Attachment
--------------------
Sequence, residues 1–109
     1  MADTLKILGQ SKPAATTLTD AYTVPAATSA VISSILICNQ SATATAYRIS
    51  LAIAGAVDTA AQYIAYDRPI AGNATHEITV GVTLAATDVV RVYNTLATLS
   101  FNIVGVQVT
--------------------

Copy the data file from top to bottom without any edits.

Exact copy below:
Sequence, residues 1–109
     1  MADTLKILGQ SKPAATTLTD AYTVPAATSA VISSILICNQ SATATAYRIS
    51  LAIAGAVDTA AQYIAYDRPI AGNATHEITV GVTLAATDVV RVYNTLATLS
   101  FNIVGVQVT